The cabin comes with piano black inserts that we found to be a rather attractive scheme. The interior silver package goes along with this to create a plusher environment for the occupants. The design of the seats reflects a sound ergonomic discipline. The fact that armrests and headrests are offered for both rows is sure to delight many passengers, for it is an added bonus for comfort. Fabric upholstery has been laid over the seats for a more pleasant experience, and although this lacks the plush quality that leather might have, it is easier to maintain and clean. Fabric inserts on the door trim go along with this to project a more enriched image of the cabin. Most of us were comfortably placed within the cabin, including the huskier and taller ones, but we'd like to point out that this model's inner space would be a let-down for people who have owned rival machines, such as the Ford Figo and many others. However, the presence of many strong comfort elements, such as storage area below the driver's seat, pockets by the doors, a 1-litre bottle holder by the doors, a rear parcel tray and a cooled glove box would definitely make up for some other flaws.
Packed within the car is an mFalcon D75 engine that displaces 1198cc. Its performance is supported by the presence of a turbocharger, while a common rail direct injection keeps the fuel pumping without problems. The train gives out a power of 77bhp at 3750rpm, and this with a torque of 190Nm between 1750rpm to 2250rpm. Although this isn't ground-breaking in any way, it is moderate compared to other models in its class. Channelling the power of the engine is a 5-speed manual gearbox, which we found easy to operate and efficient.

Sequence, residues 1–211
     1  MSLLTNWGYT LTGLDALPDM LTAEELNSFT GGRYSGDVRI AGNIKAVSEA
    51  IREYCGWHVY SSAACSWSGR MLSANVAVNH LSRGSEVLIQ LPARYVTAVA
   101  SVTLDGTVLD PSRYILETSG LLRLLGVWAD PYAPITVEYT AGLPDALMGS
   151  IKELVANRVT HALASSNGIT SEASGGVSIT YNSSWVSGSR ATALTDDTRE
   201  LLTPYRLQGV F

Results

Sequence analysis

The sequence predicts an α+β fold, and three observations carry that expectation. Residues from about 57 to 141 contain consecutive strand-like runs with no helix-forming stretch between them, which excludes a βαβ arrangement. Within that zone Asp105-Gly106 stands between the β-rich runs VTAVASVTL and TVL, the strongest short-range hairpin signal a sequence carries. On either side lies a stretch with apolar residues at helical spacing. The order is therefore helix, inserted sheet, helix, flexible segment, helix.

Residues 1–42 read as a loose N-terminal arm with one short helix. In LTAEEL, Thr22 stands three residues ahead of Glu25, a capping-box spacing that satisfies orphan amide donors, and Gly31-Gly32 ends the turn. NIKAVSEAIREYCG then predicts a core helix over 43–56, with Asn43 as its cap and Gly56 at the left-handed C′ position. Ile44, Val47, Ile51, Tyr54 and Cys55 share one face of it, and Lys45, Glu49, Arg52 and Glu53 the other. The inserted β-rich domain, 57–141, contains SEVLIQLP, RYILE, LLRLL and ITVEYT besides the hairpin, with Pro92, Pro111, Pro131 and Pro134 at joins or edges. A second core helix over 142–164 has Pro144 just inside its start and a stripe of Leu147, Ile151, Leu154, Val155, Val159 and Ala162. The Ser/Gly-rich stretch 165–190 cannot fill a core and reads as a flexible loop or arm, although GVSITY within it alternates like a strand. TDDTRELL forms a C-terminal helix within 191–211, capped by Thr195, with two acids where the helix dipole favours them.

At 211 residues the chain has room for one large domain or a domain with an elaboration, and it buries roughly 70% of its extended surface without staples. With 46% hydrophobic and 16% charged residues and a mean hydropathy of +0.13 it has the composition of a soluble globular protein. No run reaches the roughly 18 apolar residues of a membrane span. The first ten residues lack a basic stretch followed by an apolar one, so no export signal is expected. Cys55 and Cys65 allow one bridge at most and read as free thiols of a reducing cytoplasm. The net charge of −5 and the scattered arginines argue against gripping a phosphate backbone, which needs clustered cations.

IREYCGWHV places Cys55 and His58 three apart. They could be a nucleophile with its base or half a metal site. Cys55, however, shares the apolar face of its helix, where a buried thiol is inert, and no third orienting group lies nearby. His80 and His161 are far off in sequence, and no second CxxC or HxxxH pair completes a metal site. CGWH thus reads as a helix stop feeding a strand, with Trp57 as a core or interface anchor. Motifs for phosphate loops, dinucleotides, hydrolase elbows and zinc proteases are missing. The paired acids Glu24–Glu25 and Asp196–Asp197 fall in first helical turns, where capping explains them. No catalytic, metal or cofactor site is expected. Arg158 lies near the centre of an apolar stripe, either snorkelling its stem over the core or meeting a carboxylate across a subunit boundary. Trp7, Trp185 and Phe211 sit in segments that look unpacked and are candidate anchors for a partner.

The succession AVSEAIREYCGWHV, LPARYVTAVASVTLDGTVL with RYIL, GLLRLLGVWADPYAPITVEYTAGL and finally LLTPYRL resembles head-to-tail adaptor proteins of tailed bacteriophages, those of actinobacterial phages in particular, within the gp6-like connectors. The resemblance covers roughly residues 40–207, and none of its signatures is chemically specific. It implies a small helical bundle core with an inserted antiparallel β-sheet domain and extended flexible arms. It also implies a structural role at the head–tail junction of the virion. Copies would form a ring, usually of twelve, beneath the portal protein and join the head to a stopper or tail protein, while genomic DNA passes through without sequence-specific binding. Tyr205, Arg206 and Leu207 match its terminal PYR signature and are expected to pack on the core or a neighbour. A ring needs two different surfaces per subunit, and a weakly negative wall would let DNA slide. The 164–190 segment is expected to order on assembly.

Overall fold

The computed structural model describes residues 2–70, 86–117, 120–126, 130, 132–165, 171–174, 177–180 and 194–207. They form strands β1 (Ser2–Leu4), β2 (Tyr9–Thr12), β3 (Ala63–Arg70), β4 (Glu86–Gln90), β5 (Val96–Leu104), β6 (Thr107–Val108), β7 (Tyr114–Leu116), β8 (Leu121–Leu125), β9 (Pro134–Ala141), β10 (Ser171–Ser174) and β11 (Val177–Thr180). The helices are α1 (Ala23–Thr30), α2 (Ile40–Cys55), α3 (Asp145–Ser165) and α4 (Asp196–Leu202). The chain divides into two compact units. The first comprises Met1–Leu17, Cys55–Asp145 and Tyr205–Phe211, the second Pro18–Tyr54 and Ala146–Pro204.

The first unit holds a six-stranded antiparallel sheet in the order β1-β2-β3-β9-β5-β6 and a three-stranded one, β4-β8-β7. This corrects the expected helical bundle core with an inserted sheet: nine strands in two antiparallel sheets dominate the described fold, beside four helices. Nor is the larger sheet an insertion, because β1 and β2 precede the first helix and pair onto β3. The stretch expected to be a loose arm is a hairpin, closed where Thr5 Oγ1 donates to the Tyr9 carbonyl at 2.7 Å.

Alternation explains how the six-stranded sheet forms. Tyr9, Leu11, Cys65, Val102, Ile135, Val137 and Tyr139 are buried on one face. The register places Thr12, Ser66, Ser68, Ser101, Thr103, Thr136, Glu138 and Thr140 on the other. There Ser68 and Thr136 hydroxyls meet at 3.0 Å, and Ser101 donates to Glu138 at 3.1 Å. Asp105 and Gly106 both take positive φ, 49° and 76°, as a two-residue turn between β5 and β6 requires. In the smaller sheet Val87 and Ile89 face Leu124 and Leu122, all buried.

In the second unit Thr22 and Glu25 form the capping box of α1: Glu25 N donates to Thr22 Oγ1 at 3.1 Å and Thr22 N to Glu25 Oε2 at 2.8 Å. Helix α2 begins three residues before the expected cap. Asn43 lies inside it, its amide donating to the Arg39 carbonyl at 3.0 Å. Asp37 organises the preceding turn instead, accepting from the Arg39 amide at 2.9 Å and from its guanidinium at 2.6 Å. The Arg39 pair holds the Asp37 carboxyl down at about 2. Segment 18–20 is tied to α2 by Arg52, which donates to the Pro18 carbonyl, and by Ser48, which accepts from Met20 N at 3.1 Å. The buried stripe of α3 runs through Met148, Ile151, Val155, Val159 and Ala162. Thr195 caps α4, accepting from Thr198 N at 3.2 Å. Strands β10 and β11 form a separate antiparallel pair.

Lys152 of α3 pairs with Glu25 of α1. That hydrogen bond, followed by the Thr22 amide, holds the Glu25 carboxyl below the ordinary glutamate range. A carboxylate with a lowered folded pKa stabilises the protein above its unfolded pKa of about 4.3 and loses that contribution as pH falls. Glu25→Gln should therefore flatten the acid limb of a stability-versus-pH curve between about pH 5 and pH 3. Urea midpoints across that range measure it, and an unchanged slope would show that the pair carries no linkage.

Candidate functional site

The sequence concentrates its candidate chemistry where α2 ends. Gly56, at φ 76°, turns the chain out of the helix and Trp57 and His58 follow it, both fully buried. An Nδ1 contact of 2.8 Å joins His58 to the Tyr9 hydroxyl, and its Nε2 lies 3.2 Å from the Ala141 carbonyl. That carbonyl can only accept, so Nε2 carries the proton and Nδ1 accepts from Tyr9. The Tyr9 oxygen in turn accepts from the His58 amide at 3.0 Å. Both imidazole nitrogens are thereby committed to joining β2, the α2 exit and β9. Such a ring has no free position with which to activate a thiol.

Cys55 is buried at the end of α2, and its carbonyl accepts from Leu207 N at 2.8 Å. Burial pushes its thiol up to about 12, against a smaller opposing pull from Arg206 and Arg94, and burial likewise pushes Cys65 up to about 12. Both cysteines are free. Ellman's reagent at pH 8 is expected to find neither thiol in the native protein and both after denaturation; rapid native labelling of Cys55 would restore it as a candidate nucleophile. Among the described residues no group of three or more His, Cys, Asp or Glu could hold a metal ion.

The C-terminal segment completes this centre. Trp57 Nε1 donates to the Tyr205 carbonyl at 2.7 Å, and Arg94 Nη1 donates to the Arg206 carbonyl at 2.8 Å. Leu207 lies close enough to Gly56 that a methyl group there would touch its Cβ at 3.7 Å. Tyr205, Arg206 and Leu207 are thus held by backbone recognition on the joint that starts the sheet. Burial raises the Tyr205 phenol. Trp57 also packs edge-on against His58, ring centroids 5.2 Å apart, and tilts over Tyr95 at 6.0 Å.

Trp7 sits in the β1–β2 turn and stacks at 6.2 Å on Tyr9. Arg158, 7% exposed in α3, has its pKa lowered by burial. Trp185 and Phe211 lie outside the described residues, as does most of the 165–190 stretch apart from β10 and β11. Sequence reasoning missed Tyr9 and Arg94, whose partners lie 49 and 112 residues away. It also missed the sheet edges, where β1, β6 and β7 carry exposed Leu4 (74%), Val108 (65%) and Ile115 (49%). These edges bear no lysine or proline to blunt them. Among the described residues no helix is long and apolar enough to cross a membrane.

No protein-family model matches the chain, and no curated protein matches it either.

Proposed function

Ride and Handling:
The suspension was found to be well equipped for the needs of Indian roads, although we're shielded from lazy bumps and jerks every now and then. At the front arm of the chassis is an independent McPherson strut that has been further rigged with dual path mounts for more stability. Meanwhile, the rear has been stationed with a semi-independent twist beam. We were glad to note that the coil springs and hydraulic gas based shock absorbers in both axles also played a role in keeping the ride quiet and mostly strain free.
We were quite impressed with the safety section in this variant, with ABS and EBD, a collapsible steering column and speed sensing automatic door locks. Safety is reinforced with the presence of child safety locks on the rear doors, along with ISOFIX child seat mounts as well. There are few more safety features like anti-slip clips for driver side floor mat, anti-theft security alarm and automatic hazard warning lamps on crash.
This variant has an edge over other variants, and it receives almost all of the features available in the entire model series. We thought that was a strong point. Other aspects that make the vehicle quite the bomb include the advanced audio system that comes along steering mounted controls, Mahindra's Blue-sense app along with Bluetooth and other basic connectivity features. Meanwhile, others could view it in a poorer light due to its lower scale of performance, weaker fuel economy and lack of cabin space.